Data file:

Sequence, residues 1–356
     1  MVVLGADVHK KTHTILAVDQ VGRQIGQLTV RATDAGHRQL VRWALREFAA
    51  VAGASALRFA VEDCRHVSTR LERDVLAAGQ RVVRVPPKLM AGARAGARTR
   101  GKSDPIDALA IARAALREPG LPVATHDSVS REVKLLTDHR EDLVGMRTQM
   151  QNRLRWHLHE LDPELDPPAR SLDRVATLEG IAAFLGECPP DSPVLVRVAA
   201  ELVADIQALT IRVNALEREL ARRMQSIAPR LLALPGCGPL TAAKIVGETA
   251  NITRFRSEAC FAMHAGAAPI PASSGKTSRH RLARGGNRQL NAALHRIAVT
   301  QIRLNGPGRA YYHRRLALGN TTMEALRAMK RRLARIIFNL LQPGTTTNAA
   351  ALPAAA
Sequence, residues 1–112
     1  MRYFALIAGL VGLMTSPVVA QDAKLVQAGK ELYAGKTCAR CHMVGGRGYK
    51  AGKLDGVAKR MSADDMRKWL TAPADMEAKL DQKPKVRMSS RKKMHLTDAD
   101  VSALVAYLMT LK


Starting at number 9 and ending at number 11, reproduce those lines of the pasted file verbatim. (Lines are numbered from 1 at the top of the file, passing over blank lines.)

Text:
   351  ALPAAA
Sequence, residues 1–112
     1  MRYFALIAGL VGLMTSPVVA QDAKLVQAGK ELYAGKTCAR CHMVGGRGYK